Postcard from France: Metz-merized by Pompidou-Metz!

Like many Parisians, I suffer from a bit of a superiority complex. Growing up in the most beautiful city in the world, I sometime forget that there is more to France than its capital. What we Parisians typically lump together as “la Province” (ie. everywhere outside of Paris) is actually comprised of 21 independent regions, each with its own history, traditions, gastronomy and tourist attractions. Lorraine, in the North East of France, is one of these regions. Until recently it was mainly ignored by pretty much everyone but die-hard quiche lovers. Today, however, even the snobbiest Parisians are planning weekend or day trips to the capital city of Lorraine: Metz And yes, that includes me.

Why the sudden change in touristic fortune? Well, there are two main reasons. The first is that it is now a lot easier and quicker to travel there. By TGV (France’s awesome fast train system), Metz is now a mere 82 minutes from Paris. The second reason is the recent opening of Pompidou-Met. Three months only after its inauguration, the provincial offspring of Paris’ Musee National d’Art Moderne (also known as Beaubourg or Pompidou Museum) has already welcomed more than 300,000 visitors. Inspired by the success of Tate Liverpool or Guggenheim Bilbao Pompidou is the first Parisian institution to export its name, collection, and expertise to a satellite branch in a province.

The original Pompidou was designed to revitalize a large decrepit area of central Paris and Pompidou-Metz is intended to do the same in the ampitheater district of Metz. Architecturally, however, the new museum looks nothing like Beaubourg! The Musee National d’Art Moderne houses one of the greatest collection of 20th century art inside one of the ugliest building ever built in Paris. Pompidou-Metz on the other hand, is a sleek, curvy and airy structure inspired by a traditional Chinese hat. It was designed by architects Shigeru Ban and Jean de Gastines to accommodate very tall pieces and large art installations, something that the original Pompidou in Paris cannot do.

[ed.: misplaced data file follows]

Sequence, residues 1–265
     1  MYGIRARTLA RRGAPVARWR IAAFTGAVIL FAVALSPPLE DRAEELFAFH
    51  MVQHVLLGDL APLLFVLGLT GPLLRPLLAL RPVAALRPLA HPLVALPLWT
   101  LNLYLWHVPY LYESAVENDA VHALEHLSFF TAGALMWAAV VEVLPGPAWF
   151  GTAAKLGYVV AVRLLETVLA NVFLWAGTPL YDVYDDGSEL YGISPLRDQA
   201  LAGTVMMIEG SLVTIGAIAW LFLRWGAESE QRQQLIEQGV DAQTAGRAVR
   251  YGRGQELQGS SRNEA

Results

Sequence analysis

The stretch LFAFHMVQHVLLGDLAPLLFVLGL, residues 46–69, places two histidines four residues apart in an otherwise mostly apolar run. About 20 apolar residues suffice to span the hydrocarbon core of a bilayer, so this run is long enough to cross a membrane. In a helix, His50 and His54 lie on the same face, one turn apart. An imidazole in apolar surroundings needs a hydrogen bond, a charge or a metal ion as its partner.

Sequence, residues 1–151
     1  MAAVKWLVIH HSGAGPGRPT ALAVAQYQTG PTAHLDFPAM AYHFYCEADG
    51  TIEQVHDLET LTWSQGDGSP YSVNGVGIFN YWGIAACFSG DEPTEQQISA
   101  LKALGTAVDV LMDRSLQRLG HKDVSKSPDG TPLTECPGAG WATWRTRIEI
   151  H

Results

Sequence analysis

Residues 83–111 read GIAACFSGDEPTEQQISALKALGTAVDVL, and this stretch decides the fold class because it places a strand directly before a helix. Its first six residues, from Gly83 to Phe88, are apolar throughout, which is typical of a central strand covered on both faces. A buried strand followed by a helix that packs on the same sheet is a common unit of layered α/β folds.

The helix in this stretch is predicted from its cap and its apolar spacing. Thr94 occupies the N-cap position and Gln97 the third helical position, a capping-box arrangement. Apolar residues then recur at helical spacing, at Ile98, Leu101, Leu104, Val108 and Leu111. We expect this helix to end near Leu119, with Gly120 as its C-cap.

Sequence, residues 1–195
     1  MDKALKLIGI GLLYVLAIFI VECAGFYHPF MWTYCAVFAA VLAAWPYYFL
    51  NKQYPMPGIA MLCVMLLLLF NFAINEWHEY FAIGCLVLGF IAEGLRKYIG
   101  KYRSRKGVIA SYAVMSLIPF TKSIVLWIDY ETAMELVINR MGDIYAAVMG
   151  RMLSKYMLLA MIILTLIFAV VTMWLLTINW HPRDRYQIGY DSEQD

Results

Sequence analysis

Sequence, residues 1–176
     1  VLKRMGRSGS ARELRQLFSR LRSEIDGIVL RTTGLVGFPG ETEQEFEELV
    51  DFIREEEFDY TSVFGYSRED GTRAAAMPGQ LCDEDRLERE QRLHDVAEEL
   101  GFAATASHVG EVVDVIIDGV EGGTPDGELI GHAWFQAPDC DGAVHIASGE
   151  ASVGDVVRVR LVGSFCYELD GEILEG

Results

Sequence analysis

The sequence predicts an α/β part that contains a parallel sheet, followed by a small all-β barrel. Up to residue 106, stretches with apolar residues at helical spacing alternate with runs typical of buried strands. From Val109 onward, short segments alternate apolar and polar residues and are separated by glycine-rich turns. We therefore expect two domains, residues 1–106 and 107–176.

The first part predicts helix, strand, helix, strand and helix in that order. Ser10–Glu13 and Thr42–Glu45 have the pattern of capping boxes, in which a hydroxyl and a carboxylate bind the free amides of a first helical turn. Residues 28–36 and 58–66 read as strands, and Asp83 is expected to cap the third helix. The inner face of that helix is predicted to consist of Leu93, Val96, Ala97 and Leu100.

The inaugural exhibit, called Chefs D’Oeuvres? examines the notion of the masterpiece, past, present, and future, through an exceptional selection of almost eight hundred works of art, most of them loaned by Pompidou-Paris. One of the highlights of visiting the new space is also the views it offers onto the city of Metz, particularly from one of the museum’s three rectangular, projected boxes that face the city’s main historic attractions. The Cathedrale de Metz with its 41.41 meters nave (the third tallest in France) is, after all, nothing short of a masterpiece itself.



So far, the Pompidou-Metz experiment has been an overwhelming success and snobbish Parisians might have to get used to sharing their museums’ collections with the province… and even the world. Indeed, in 2012, Paris’ most famous museum, Le Louvre, will open a provincial outpost of its own in the northern city of Lens. The following year, they will also expend to Abu Dhabi. Adding them to my travel list 😉

[Update: I did visit Lens a few months after the Louvre opened and you can read my thoughts on that one here]

2 thoughts on “Postcard from France: Metz-merized by Pompidou-Metz!

  1. Great article – and what a great-looking art museum. I didn't know about this, so thanks for the post!

    The Pompidou-Metz will not only broaden the accessibility of art but will revolutionize the town of Metz – just as the Tate has done for Liverpool, as you say.

    I think this is great for the Provinces too – and even more surprising to read a Parisienne admitting that fact! 🙂


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